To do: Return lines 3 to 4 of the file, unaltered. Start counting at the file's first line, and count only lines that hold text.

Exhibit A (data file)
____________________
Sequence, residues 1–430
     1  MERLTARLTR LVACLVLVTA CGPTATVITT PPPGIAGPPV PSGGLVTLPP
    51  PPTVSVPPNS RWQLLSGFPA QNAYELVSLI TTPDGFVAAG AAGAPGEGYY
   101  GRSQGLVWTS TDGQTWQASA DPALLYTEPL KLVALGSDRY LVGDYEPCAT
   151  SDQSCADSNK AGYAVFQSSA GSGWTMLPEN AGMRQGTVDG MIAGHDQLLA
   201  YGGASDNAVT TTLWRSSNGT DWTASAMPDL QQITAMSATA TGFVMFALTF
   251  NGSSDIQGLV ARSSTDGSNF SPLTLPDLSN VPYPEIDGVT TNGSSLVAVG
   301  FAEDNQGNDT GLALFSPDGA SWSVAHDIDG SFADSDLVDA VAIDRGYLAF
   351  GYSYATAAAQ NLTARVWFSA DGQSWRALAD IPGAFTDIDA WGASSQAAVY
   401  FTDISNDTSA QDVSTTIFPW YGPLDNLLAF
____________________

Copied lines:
    51  PPTVSVPPNS RWQLLSGFPA QNAYELVSLI TTPDGFVAAG AAGAPGEGYY
   101  GRSQGLVWTS TDGQTWQASA DPALLYTEPL KLVALGSDRY LVGDYEPCAT